Part III: New Correspondences: The Poet with Her Peers
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“Composing Motions”: Elizabeth Bishop and Alexander Calder
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Bishop’s lifelong interest in visual art and her off hand remarks that she would rather have been a painter suggest the depth of her attraction to poetry’s sister discipline (Brown, “Interview” 24; A. Johnson 100).1 Yet, the scarcity of extended descriptions about the visual arts in her letters and notebooks, combined with the...
“A World of Books Gone Flat”: Elizabeth Bishop’s Visits to St. Elizabeths
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“I’ve seen Pound some more and won his heart by telling him that I was a collateral descendent of Aaron Burr, whose only mistake was [in Pound’s words] not having shot Hamilton twenty years earlier,” Robert Lowell writes Elizabeth Bishop on November 20, 1947. And he goes on: “He remembers your work before the war as...
Elizabeth Bishop and Flannery O’Connor: Minding and Mending a Fallen World
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The pairing of Elizabeth Bishop (1911–1979) and Flannery O’Connor (1925–1964) may seem a surprising and somewhat unexpected association: one a poet and the other a novelist and short- story writer; one a New England / Canadian / Brazilian sojourner and the other a rooted Georgia southerner; one a religious skeptic and...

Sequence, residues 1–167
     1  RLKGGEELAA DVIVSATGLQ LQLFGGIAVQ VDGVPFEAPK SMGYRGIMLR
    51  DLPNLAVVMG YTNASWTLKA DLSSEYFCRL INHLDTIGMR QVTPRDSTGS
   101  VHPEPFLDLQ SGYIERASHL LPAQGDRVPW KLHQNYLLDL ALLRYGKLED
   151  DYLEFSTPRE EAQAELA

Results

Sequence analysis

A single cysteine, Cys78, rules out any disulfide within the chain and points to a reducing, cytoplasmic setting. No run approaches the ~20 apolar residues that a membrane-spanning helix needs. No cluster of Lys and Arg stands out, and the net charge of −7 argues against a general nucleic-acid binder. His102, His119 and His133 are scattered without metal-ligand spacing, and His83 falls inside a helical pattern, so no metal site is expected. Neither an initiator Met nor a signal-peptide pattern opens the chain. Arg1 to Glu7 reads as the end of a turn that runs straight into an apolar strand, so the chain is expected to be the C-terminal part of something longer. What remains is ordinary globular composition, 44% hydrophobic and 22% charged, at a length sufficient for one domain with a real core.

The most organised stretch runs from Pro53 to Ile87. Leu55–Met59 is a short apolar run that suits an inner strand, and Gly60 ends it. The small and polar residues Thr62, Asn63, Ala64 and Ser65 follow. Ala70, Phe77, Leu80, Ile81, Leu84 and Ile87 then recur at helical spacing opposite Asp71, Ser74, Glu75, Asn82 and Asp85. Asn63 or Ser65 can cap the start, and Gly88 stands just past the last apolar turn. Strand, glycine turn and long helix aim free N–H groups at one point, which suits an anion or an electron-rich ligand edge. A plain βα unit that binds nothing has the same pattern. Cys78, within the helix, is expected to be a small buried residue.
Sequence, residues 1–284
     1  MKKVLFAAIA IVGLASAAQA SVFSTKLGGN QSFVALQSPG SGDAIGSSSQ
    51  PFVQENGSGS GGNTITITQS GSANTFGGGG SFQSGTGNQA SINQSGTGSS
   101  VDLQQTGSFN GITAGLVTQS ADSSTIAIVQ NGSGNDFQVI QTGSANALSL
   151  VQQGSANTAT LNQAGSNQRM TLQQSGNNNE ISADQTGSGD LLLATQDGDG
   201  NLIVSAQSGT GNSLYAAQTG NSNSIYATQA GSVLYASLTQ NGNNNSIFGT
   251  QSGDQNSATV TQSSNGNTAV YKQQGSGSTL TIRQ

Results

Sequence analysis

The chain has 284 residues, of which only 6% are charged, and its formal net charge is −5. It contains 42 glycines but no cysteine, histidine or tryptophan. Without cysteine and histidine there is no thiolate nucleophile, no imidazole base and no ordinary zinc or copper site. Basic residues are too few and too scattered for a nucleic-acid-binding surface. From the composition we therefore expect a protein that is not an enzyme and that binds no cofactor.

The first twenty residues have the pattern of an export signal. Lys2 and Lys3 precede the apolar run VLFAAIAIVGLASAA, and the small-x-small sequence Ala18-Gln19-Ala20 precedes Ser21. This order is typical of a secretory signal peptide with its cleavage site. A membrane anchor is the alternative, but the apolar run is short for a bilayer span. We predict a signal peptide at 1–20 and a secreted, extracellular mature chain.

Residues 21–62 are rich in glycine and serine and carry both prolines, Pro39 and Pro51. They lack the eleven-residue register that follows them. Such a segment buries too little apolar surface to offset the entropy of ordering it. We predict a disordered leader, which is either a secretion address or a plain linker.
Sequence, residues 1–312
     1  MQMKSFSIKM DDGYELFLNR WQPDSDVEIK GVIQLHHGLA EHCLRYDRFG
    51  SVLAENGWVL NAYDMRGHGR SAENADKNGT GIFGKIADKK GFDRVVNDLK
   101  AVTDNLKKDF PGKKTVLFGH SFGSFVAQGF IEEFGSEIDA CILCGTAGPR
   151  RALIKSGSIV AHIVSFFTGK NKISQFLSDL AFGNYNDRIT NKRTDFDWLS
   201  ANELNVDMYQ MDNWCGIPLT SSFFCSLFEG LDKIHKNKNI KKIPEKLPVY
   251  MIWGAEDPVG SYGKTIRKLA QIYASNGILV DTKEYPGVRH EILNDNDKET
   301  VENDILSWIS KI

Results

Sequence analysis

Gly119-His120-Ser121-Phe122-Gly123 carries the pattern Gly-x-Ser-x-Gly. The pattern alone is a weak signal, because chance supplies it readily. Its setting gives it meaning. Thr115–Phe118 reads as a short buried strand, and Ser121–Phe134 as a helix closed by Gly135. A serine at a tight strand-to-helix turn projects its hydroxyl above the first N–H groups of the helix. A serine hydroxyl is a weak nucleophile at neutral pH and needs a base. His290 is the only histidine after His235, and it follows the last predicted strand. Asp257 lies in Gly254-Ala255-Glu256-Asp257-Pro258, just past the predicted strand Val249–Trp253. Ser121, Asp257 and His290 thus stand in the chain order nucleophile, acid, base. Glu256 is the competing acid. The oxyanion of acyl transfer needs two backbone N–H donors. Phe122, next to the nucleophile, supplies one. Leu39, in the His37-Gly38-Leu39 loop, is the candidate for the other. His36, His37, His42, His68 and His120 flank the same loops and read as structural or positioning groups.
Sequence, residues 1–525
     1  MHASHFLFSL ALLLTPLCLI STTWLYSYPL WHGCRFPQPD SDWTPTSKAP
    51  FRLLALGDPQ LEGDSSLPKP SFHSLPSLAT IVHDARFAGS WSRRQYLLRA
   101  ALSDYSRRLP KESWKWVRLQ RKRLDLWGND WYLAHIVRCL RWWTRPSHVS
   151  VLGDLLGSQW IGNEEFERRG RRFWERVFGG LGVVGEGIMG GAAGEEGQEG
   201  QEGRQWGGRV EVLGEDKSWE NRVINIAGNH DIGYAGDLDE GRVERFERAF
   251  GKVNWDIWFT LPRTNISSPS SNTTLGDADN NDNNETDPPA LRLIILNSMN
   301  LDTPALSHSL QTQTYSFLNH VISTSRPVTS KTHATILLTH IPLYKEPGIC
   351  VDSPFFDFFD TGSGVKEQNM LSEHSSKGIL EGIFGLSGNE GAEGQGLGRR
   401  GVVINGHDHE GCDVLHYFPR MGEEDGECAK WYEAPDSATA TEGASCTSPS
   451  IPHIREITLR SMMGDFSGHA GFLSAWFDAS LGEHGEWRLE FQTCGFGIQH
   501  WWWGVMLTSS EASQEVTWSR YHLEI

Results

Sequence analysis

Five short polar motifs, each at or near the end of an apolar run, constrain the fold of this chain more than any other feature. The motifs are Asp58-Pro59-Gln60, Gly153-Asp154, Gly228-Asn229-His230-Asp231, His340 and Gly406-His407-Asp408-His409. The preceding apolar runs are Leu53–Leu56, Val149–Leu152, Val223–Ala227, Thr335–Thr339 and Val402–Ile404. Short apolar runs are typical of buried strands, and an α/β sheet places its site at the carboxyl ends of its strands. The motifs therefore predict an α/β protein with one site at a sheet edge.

Words in Air: Bishop, Lowell, and the Aesthetics of Autobiographical Poetry
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When Elizabeth Bishop left the United States in 1951 and embarked on her journey in the hope of satisfying her “immodest demands for a different world, / and a better life, and complete comprehension / of both at last, and immediately” (PPL 71), she had been unhappy and ill at ease in conducting the business aspect of poetry...
Part IV: The New Elizabeth Bishop and Her Art